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# pvec

Specify range and rate of variation of uncertain or time-varying parameters

## Syntax

```pv = pvec('box',range,rates)
pv = pvec('pol',vertices)
```

## Description

pvec is used in conjunction with psys to specify parameter-dependent systems. Such systems are parametrized by a vector p = (p1, . . ., pn) of uncertain or time-varying real parameters pi. The function pvec defines the range of values and the rates of variation of these parameters.

The type 'box' corresponds to independent parameters ranging in intervals

The parameter vector p then takes values in a hyperrectangle of Rn called the parameter box. The second argument range is an n-by-2 matrix that stacks up the extremal values and of each pj. If the third argument rates is omitted, all parameters are assumed time-invariant. Otherwise, rates is also an n-by-2 matrix and its j-th row specifies lower and upper bounds and on :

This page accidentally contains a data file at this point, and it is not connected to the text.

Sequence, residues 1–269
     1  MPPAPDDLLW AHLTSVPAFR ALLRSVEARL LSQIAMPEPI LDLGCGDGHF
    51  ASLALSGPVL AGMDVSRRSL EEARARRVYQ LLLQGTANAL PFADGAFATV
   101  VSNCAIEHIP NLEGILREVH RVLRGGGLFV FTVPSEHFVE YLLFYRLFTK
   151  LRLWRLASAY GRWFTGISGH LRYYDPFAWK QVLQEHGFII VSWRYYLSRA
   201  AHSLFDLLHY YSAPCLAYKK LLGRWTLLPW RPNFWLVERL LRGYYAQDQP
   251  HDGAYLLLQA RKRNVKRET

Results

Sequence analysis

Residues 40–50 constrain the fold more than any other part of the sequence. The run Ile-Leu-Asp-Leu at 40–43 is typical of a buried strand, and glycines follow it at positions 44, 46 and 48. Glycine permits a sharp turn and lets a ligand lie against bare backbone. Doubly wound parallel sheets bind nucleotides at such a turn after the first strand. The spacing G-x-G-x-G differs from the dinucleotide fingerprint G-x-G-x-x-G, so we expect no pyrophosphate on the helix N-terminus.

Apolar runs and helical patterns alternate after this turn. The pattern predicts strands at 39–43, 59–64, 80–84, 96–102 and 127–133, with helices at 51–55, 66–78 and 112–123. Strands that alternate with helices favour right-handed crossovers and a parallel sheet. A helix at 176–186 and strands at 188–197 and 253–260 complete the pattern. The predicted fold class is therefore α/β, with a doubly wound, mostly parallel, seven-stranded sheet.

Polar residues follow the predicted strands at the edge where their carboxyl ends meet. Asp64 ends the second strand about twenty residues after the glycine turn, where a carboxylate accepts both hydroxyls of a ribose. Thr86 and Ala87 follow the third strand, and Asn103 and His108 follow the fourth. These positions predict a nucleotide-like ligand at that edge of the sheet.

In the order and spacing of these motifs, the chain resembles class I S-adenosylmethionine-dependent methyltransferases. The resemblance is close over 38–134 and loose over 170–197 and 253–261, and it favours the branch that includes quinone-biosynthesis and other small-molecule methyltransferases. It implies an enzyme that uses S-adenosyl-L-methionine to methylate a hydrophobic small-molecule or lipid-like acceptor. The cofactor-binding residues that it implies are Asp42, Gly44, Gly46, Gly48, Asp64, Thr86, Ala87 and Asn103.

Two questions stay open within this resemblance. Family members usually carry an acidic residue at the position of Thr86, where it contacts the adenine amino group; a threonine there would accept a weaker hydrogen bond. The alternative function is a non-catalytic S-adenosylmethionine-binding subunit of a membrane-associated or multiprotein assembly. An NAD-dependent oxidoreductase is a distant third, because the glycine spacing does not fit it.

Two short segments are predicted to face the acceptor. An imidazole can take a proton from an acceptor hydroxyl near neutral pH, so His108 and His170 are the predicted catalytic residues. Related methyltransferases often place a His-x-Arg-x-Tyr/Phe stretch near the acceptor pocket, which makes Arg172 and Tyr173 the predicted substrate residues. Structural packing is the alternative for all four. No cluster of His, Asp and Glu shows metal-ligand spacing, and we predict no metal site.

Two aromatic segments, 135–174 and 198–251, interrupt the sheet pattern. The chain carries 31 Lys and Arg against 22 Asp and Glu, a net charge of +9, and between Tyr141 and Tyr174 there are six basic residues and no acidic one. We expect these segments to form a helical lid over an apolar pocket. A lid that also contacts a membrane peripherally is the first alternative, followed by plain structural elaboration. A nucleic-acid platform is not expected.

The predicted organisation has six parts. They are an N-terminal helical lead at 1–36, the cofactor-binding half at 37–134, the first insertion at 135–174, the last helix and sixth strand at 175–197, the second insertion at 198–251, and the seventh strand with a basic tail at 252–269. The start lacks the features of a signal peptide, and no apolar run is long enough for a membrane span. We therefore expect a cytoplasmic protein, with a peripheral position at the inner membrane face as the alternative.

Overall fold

Set = –Inf and = Inf if pj(t) can vary arbitrarily fast or discontinuously.

The type 'pol' corresponds to parameter vectors p ranging in a polytope of the parameter space Rn. This polytope is defined by a set of vertices V1, . . ., Vn corresponding to "extremal" values of the vector p. Such parameter vectors are declared by the command

```pv = pvec('pol',[v1,v2, . . ., vn])
```

where the second argument is the concatenation of the vectors v1,...,vn.

The output argument pv is a structured matrix storing the parameter vector description. Use pvinfo to read the contents of pv.

## Examples

Consider a problem with two time-invariant parameters

p1 ∊ [–1, 2], p2 ∊ [20, 50]

The corresponding parameter vector p = (p1, p2) is specified by

```pv = pvec('box',[-1 2;20 50])
```

Alternatively, this vector can be regarded as taking values in the rectangle drawn in the following figure. The four corners of this rectangle are the four vectors

Hence, you could also specify p by

```pv = pvec('pol',[v1,v2,v3,v4])
```

Parameter box

## See Also

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